Deportations Halted for DREAM Act Students, Moms With Babies, Crime Victims, Longtime Residents (and Pretty Much Everyone Else)
Coming out of the closet party, anyone?
After three years of insisting he had no power to do so, Obama (or, more specifically, Department of Homeland Security Secretary Janet Napolitano) has ordered the courts to sift through over 300,000 pending deportation cases and throw out the low-priority ones.
This basically puts DREAM Act supporters and fighters against Secure Communities out of a lobbying job, as ICE agents will no longer have any reason to serve non-criminals with deportation papers (because they'll just get thrown out anyway).
Here's who will be pardoned, according to news reports:
DREAM Act students, pregnant women or those with small children, military vets, domestic-violence or human-trafficking victims, those who have lived here since they were children and those with family in the U.S. (including gay- or lesbian-bound families).
With requisites this sweeping, everyone besides serial killers should be good to go. And Obama's big clemency announcement couldn't come at a more perfect moment for him, politically: He's been hurting for love from the booming Latino voter base, and will sorely need it in the 2012 election.
Still, the White House tells Univision this isn't political. Obviously that's a crock of crap, but who really cares right now? Y'all don't have to be scared of sitting in parks, driving in cars and committing other such "suspicious" (read: Mexican-looking) acts around a cop anymore.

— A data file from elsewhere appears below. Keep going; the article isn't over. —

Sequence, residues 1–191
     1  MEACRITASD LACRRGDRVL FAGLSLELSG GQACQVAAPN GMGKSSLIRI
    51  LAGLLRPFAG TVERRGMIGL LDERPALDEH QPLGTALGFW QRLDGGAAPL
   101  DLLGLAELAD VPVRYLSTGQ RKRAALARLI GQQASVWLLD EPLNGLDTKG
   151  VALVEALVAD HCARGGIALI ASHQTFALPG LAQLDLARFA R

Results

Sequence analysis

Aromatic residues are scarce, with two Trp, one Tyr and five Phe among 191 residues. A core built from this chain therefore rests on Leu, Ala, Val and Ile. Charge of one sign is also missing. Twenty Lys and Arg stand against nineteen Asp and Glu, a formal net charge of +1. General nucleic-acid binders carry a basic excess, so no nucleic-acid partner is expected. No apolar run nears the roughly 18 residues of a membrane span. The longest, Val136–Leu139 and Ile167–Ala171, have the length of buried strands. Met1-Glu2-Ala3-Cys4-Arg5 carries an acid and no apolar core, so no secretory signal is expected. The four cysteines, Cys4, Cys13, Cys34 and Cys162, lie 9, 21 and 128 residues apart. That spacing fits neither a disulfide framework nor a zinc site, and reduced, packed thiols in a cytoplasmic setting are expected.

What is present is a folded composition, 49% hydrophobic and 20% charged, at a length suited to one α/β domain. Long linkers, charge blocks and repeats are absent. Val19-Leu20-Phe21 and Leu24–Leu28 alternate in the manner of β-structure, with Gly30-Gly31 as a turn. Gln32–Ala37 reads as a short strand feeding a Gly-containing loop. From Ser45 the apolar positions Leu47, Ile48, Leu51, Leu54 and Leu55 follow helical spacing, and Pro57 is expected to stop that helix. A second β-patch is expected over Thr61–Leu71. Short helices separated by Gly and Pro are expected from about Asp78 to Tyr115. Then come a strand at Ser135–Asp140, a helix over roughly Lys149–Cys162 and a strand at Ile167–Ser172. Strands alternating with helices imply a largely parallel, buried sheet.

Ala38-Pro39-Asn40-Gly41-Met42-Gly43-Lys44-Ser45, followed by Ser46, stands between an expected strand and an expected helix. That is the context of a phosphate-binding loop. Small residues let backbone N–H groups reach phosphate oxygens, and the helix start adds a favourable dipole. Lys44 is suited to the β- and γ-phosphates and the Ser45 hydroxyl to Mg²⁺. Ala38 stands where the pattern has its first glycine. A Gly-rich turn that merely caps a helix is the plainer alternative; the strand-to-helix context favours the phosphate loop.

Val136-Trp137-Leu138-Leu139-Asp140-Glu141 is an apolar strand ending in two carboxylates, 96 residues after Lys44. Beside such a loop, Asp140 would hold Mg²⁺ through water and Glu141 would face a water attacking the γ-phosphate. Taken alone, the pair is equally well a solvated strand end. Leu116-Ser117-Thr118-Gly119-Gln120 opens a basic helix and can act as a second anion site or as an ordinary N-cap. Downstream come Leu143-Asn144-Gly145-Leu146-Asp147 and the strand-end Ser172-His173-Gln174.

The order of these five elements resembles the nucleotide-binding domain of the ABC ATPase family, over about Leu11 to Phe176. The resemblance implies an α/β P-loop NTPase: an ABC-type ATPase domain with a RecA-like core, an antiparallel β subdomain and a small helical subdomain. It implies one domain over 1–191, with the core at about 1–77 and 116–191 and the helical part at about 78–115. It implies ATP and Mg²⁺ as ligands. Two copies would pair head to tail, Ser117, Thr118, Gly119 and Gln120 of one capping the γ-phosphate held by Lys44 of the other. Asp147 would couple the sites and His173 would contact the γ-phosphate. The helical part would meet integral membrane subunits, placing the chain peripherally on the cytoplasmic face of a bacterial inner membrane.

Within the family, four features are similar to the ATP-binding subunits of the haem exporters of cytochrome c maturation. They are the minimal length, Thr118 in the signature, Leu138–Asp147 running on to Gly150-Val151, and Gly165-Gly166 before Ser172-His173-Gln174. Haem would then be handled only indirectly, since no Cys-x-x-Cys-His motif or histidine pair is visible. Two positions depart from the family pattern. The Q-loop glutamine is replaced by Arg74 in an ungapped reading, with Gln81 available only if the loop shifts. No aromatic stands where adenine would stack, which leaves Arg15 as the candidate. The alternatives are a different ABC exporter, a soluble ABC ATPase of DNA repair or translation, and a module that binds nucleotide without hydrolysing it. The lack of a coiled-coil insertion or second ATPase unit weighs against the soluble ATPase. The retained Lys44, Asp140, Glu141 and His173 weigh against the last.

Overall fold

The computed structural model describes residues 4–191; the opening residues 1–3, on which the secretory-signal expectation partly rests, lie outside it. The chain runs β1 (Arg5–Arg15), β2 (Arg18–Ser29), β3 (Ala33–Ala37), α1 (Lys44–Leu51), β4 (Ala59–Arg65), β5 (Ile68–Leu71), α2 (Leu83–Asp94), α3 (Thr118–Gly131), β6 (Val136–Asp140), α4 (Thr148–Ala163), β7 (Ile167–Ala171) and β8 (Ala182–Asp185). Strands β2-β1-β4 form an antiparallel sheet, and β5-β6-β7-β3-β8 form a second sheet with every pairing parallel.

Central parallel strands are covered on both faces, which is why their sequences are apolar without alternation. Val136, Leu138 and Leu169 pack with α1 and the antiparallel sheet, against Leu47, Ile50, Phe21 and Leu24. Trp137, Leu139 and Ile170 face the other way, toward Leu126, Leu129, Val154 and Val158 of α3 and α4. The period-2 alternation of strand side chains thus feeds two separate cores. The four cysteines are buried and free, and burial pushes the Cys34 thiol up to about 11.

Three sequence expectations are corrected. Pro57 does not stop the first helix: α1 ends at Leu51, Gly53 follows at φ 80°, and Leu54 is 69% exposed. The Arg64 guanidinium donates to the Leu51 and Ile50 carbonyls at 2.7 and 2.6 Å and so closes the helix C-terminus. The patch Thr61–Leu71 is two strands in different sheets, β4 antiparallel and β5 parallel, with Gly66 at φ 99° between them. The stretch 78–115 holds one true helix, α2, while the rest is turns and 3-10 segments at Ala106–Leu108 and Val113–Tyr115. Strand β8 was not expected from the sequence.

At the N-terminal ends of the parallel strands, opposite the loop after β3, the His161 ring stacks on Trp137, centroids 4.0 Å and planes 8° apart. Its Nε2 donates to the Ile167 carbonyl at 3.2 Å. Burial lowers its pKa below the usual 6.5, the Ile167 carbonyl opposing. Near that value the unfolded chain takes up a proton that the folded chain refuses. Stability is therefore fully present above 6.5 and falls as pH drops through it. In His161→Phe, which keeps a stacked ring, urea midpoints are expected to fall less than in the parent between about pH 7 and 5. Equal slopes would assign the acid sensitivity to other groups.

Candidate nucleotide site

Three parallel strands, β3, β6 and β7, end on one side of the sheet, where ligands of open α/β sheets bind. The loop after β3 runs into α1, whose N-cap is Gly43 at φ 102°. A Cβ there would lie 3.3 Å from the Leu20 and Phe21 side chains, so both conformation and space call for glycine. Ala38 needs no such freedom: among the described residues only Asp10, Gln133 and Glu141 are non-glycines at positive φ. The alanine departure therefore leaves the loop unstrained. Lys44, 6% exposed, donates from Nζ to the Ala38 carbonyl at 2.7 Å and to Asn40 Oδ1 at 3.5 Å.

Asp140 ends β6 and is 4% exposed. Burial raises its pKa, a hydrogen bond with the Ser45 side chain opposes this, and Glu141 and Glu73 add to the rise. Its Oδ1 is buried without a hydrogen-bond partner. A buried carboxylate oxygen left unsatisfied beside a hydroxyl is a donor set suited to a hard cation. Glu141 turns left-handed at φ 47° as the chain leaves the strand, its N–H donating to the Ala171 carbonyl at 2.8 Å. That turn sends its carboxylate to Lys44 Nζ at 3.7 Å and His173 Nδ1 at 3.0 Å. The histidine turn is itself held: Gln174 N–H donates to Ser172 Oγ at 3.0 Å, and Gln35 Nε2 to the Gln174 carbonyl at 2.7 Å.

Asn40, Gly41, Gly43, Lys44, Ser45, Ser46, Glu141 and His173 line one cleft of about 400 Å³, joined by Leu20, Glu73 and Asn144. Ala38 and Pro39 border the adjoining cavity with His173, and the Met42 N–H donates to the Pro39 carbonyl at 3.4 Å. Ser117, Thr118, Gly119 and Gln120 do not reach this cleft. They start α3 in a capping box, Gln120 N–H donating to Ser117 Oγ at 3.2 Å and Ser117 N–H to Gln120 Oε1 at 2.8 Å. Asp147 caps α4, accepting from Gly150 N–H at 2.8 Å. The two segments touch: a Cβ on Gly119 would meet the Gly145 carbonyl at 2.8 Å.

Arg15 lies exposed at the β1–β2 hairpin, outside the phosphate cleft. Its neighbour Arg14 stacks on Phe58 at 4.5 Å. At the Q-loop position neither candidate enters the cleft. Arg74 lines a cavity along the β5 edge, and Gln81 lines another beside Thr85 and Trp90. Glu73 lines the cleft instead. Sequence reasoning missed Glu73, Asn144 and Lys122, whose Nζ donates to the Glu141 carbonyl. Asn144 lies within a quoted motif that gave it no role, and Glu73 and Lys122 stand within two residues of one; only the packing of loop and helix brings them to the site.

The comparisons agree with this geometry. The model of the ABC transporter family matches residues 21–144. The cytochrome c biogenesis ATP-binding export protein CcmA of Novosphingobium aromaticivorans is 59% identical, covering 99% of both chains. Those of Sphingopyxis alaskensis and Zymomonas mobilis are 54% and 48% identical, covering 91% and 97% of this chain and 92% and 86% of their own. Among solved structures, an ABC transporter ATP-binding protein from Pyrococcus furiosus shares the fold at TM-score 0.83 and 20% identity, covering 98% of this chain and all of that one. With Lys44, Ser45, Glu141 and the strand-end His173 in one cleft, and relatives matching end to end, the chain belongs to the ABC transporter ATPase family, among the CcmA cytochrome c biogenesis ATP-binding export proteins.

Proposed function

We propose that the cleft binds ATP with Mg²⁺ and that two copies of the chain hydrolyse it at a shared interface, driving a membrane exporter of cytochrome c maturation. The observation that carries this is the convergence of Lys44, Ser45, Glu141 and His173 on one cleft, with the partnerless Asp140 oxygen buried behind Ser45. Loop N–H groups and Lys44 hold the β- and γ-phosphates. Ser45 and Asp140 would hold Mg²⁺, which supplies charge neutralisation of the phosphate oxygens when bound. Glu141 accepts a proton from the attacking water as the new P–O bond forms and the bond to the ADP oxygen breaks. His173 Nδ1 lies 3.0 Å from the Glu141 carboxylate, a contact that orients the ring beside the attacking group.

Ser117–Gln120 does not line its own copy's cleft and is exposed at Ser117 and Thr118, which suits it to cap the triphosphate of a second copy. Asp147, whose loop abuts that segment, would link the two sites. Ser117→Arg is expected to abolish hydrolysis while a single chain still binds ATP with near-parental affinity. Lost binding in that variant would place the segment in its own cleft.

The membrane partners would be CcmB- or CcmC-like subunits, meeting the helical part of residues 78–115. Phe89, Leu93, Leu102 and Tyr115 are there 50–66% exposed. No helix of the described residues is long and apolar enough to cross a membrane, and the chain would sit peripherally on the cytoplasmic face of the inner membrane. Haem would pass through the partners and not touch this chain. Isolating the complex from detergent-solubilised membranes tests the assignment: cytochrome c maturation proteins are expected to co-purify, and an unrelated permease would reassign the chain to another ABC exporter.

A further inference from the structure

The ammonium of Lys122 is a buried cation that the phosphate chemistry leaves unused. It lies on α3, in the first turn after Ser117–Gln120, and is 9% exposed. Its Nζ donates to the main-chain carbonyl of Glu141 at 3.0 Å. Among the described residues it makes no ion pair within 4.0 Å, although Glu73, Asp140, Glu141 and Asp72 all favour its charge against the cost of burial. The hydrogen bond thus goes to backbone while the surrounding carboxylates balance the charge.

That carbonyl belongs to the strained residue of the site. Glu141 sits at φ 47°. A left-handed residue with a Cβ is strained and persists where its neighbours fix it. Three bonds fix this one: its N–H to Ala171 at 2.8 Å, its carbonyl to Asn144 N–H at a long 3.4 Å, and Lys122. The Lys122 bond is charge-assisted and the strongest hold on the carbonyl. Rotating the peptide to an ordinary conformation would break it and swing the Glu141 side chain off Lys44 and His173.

It's hard to believe, really. Obama -- the same guy who turned America into deportation nation and sank millions more into border security than Bush -- is, at long last, caving to Latino pressure. Guess he finally realized Congress was going to hate him anyway, and doing wrong by humanity wasn't a worthy sacrifice.
Update: The Coalition for Humane Immigration Rights of Los Angeles still isn't happy. From their bittersweet statement today:
"Keeping millions in the darkness without immigration reform or administrative remedy, however, should ease no one's conscience or improve a failed immigration policy. Without necessary reforms such as the elimination of the "Secure Communities" (S-Comm) program, the updates announced today will remain nominal in comparison to the suffering our community is experiencing with the remaining uncertainty and the blind enforcement of our broken immigration laws."
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